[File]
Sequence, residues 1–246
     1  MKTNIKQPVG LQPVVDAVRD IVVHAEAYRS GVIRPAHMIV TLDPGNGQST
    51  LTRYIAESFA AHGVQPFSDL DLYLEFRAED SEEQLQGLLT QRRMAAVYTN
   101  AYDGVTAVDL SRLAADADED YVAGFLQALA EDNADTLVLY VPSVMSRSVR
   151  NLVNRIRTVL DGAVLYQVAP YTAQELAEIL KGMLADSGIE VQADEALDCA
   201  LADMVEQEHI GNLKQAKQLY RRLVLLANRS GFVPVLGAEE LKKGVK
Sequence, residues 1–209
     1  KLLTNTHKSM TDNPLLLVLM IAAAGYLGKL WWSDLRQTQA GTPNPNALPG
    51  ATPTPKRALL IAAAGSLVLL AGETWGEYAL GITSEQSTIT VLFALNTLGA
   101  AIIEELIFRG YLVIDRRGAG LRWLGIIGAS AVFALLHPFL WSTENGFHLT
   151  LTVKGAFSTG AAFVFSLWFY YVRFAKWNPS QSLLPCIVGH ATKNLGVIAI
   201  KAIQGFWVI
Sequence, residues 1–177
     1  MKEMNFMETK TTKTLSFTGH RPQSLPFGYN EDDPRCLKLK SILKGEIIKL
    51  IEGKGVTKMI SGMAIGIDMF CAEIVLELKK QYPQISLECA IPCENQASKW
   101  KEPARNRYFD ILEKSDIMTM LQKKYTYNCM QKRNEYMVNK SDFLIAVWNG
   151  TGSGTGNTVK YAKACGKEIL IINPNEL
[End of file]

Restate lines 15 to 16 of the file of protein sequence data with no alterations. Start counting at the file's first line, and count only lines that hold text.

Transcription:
    51  IEGKGVTKMI SGMAIGIDMF CAEIVLELKK QYPQISLECA IPCENQASKW
   101  KEPARNRYFD ILEKSDIMTM LQKKYTYNCM QKRNEYMVNK SDFLIAVWNG